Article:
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Mustard Seeds Help to Remove Harmful Toxins
Posted by SoundHealth, in Nutrition
Topics: Mustard Mustard Seeds

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Mustard seeds have unique healing properties. They protect the lungs in many ways and have a warming effect which makes them useful for fighting infections and removing toxins from the body.

Mustard seeds are from the mustard plant, which is a cruciferous vegetable related to broccoli, Brussels sprouts and cabbage. There are three types of mustard seed: black, white and brown. Black mustard seeds have the most pungent taste, while white mustard seeds (which are actually yellow in color), are the most mild and are the ones used to make yellow mustard paste. Brown mustard has a pungent taste and is the type used to make Dijon mustard.

Mustard seeds are a very good source of two key nutrients, selenium and magnesium. These both help to reduce inflammation in the lungs and ease the symptoms of asthma.

In addition to these minerals, mustard seeds are also a very good source of omega-3 fatty acids as well as a good source of calcium, manganese, protein, niacin and dietary fiber. They also contain small amounts of immunity-boosting minerals, including blood-enhancing iron and the antioxidant zinc, as well as B-vitamins.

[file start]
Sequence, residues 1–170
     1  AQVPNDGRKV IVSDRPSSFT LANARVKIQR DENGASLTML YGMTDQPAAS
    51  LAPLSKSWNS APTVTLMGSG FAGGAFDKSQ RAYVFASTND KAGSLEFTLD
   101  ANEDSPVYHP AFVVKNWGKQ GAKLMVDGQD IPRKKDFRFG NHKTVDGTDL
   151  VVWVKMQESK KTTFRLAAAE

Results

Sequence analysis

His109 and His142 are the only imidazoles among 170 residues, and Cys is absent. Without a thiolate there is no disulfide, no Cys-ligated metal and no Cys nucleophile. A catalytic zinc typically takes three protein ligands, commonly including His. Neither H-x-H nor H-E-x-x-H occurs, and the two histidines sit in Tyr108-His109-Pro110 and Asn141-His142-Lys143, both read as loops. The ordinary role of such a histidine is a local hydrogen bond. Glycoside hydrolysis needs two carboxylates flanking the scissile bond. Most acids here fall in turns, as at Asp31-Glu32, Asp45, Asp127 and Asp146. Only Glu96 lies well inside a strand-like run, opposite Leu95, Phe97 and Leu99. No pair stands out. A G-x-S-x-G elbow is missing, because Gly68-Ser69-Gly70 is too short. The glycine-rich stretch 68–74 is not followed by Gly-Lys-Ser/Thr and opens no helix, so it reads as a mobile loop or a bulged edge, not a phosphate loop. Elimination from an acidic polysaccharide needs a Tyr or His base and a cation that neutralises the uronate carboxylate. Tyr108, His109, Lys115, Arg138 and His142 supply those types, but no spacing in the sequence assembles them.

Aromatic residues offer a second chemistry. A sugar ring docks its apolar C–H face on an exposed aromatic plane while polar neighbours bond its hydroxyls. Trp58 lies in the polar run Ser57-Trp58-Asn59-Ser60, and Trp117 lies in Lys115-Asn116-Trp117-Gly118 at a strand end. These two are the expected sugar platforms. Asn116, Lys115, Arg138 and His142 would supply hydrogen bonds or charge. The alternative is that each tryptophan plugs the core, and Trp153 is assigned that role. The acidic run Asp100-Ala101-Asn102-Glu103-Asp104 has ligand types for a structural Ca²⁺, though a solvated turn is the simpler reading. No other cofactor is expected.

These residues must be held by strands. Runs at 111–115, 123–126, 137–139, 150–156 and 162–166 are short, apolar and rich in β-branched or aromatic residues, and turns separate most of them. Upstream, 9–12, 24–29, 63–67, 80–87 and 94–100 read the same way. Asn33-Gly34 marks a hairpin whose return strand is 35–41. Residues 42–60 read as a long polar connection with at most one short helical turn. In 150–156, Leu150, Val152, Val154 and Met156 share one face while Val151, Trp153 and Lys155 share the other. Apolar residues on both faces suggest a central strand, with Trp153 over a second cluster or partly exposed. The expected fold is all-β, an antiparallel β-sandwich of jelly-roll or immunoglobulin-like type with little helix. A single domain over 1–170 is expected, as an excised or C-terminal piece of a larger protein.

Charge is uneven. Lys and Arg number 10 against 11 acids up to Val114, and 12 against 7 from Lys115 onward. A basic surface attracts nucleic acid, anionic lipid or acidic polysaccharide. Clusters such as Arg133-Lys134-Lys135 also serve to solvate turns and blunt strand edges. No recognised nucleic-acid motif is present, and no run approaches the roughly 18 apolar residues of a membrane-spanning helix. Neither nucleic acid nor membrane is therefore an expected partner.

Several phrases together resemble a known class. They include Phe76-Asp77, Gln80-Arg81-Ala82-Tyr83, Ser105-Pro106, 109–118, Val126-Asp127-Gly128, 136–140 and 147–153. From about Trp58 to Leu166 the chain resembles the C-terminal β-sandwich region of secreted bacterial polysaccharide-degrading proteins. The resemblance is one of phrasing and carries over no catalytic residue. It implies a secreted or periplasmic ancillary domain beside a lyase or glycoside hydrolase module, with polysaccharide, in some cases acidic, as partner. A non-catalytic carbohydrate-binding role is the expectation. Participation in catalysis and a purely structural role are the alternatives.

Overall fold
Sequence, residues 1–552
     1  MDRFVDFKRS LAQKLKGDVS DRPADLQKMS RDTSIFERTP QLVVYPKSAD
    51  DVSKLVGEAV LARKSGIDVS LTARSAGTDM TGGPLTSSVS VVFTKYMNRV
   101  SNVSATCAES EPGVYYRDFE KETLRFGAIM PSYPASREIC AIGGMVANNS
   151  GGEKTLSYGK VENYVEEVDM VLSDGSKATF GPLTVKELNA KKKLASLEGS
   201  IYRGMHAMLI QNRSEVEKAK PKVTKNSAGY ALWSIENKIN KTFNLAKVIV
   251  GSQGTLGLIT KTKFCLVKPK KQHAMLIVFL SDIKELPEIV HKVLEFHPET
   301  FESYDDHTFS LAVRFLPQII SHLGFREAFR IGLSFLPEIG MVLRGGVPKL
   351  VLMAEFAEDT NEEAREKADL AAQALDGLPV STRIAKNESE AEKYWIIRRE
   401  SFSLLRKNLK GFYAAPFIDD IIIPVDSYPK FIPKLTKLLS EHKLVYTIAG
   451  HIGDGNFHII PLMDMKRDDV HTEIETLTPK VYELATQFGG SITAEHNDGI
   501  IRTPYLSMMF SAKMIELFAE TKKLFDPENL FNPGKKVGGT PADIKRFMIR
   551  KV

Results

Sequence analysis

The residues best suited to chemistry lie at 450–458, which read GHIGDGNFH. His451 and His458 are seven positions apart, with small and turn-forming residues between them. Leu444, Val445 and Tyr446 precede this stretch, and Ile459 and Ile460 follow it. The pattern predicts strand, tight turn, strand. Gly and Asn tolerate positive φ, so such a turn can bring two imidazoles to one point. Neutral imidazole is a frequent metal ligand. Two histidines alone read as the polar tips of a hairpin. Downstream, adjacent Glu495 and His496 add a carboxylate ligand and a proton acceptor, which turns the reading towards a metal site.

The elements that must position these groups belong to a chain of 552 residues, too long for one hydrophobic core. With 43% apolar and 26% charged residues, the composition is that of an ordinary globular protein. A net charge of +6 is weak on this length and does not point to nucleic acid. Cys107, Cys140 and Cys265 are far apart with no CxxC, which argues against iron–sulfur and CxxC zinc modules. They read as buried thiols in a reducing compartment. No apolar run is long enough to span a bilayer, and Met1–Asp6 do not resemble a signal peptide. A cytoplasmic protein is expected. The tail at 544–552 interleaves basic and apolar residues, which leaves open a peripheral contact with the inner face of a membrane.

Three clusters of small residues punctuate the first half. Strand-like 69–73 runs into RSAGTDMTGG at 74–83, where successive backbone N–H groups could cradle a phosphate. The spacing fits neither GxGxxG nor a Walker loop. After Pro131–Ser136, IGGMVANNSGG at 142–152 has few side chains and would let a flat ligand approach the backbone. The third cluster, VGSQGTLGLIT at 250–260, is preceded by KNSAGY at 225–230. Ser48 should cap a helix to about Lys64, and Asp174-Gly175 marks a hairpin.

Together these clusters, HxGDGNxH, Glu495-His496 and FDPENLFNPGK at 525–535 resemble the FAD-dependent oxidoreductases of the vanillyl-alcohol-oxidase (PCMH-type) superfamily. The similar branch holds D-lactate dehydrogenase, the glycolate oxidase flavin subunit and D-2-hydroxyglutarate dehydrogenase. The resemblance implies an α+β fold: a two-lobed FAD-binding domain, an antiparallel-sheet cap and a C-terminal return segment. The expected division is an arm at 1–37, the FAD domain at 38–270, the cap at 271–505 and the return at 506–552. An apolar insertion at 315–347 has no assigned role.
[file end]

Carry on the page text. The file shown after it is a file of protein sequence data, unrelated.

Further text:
The potent volatile oils present in these seeds make them useful for helping to fight off colds. These oils stimulate the circulation and encourage sweating, helping to expel harmful toxins from the body.

Less commonly used than the seeds, mustard leaves are rich in other nutrients, including Vitamin C and Beta-carotene, which improve lung function and are potent antioxidants.

Tips for Using Mustard

  • Mustard is available in many forms, including whole mustard seeds, a paste, a powder, oil and mustard leaves.

  • Frying the seeds makes them less fiery and more nutty.

  • Add mustard seeds to curries, soups and stews, and use the paste in dressings.

References

  • Thimmulappa RK, Mai KH, Srisuma S et al. Identification of Nrf2-regulated genes induced by the chemopreventive agent sulforaphane by oligonucleotide microarray. Cancer Res 2002 Sep 15;62(18):5196-5203 2002.


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